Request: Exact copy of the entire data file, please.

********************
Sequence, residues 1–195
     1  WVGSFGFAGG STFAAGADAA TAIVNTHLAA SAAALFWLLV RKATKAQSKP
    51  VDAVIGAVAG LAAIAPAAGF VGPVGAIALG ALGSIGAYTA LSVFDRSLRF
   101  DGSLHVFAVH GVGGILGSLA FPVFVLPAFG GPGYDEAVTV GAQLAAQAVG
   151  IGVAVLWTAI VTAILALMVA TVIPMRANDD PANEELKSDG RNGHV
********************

Sequence, residues 1–195
     1  WVGSFGFAGG STFAAGADAA TAIVNTHLAA SAAALFWLLV RKATKAQSKP
    51  VDAVIGAVAG LAAIAPAAGF VGPVGAIALG ALGSIGAYTA LSVFDRSLRF
   101  DGSLHVFAVH GVGGILGSLA FPVFVLPAFG GPGYDEAVTV GAQLAAQAVG
   151  IGVAVLWTAI VTAILALMVA TVIPMRANDD PANEELKSDG RNGHV